Never fertilizing your lawn can also lead to grass that lacks essential nutrients. Without these nutrients, your lawn will not be able to grow strong and healthy. It is recommended to replenish the nutrients in your soil at least once per season. Fertilizing at the beginning of the growing season as well as at the end of the season is ideal, as this prepares your lawn to grow well during the warm months and also gives it the nutrients and energy it needs to survive throughout the winter months. AlphaLawn II Plus Iron is a fertilizer for grass that is ideal for use in early spring. If you are looking for a winterizing fertilizer for your lawn, AlphaLawn Turf Winterizer is what we recommend!
7. Ignoring Weeds
Allowing weeds to grow in your lawn can choke out your grass and reduce your lawn's overall health and appearance. Not to mention, any weeds that go to seed then spread thousands of seeds throughout the rest of your lawn, increasing the problem exponentially. Whether you choose to pull weeds manually or use herbicides to help eradicate weeds, just remember that the more you stay on top of weeds, the less you will have to deal with them in the long run!
Heavy foot traffic, vehicles, and equipment can compact the soil, limiting oxygen and nutrient absorption. Aerate your lawn as needed to alleviate compaction and improve soil health.
9. Neglecting Thatch
Thatch is a layer of dead grass and organic matter that can accumulate on the soil surface. Excessive thatch can restrict water and nutrient penetration. Use a dethatching rake to remove this dead material. Dethatching usually does not need to be done more than once per year, and you may even be able to skip a year or two if minimal thatch has built up. In more northern regions, it is ideal to complete this task in the fall before your lawn begins to go dormant for the season.
10. Overwatering New Seed
When overseeding or planting new grass, it's common to overwater. While consistent moisture is essential, avoid excessive watering that can wash away seeds or promote disease.
11. Always Mowing In the Same Direction
Mowing your lawn in the same direction every time can cause the blades of grass to "bend over" and start growing horizontally rather than straight up and down. If you notice that your grass is beginning to bend over, lightly rake your grass in the opposite direction before mowing to help it stand up, then mow in the opposite direction as usual. Blades of grass that grow tall and strong lead to a thicker, healthier lawn. Be sure to switch up the direction and even pattern in which you mow from time to time to avoid damage to your lawn.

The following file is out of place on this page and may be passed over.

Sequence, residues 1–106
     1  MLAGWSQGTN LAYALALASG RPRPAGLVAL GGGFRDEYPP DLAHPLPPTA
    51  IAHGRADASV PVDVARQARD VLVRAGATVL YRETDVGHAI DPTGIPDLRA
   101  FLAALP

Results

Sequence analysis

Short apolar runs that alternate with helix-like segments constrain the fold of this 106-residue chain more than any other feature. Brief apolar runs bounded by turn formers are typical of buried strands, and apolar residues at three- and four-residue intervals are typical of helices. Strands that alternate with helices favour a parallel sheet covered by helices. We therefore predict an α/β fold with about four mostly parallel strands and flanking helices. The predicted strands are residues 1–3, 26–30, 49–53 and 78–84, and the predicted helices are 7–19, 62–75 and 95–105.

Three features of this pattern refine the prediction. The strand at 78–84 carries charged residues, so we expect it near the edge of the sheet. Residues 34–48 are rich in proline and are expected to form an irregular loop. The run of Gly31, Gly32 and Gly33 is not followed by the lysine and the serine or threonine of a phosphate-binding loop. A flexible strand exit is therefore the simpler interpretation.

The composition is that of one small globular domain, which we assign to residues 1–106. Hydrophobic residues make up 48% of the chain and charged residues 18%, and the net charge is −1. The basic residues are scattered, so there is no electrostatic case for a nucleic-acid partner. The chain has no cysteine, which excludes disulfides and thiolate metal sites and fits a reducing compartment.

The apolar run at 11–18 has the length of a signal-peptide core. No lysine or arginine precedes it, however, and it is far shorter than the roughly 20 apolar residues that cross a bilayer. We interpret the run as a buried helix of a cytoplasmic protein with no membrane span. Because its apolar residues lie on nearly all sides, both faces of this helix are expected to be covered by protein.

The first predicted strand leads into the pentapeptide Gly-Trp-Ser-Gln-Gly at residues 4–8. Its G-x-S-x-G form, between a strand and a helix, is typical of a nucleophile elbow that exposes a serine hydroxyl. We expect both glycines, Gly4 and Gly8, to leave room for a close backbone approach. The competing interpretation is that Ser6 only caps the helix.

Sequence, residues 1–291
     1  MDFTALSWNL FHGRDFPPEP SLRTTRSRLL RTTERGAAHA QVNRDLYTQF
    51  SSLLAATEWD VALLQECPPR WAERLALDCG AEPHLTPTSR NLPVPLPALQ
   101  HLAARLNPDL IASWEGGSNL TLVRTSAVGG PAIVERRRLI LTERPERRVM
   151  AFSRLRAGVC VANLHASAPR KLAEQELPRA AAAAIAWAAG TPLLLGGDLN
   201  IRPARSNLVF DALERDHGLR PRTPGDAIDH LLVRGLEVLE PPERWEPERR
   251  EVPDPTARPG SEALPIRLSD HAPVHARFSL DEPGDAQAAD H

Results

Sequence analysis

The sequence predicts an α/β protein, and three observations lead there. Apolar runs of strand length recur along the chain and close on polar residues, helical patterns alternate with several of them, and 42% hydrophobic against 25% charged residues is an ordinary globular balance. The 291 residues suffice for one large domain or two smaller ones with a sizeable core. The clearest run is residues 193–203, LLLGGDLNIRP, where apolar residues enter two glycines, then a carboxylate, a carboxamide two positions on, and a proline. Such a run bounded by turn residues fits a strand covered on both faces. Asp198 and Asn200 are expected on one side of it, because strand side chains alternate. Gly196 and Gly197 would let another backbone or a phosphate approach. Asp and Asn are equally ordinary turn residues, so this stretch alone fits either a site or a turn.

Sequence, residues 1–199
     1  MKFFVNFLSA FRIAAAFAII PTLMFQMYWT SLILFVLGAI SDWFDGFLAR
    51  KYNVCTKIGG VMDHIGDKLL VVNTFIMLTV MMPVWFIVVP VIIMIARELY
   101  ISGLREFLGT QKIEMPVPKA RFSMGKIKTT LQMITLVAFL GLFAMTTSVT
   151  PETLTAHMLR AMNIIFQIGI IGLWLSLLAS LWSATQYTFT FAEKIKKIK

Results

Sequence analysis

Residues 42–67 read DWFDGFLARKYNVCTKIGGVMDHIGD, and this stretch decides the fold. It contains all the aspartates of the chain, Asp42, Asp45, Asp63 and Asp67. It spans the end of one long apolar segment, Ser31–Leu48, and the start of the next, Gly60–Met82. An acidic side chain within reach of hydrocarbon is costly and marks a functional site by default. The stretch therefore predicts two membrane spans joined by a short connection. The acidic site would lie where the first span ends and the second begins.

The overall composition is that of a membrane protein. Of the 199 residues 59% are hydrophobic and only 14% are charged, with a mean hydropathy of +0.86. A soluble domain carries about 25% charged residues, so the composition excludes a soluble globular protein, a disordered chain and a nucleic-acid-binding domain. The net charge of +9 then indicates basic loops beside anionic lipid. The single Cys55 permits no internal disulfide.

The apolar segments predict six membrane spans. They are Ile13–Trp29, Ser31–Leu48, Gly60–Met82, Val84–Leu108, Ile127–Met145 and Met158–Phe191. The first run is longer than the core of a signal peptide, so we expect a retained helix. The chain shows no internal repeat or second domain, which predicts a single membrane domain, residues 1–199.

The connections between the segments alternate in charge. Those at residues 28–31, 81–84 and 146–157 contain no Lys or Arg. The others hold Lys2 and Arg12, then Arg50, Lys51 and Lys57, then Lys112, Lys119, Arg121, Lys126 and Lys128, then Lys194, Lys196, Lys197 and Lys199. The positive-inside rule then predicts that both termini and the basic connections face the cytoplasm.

12. Not Adjusting to Changing Seasons
The amount of water your lawn needs, how often it needs to be mowed, the type of fertilizer you use, and other factors are all affected by the seasons. Being aware of what your lawn needs during different times of the year is important for the health of your grass. Be sure to adjust your maintenance routines accordingly!
13. Planting The Wrong Type of Grass
There are either cool season grasses or warm season grasses, and both will not grow well if not planted in the right environment. Here in Northern Colorado, cool season grasses are ideal for planting. Be sure to do your research or consult a professional before planting grass seed or sod to ensure that you do not waste time and money on a lawn that will not survive due to a less-than-ideal climate.
Lawn Care Mistakes to Avoid
By avoiding these common lawn care mistakes and tailoring your approach to your specific lawn and local conditions, you can easily maintain a healthy, lush, and beautiful lawn. Much of providing your lawn with the appropriate care is simply awareness of the little things that make a big difference. If you have more questions about your lawn, need help diagnosing issues, or need to have your lawn replaced, reach out to us! As professionals in the landscaping industry, we are here to make sure that every home has a beautiful and thriving lawn. Call us today (970-488-1707) or fill out a contact form to get in touch with us!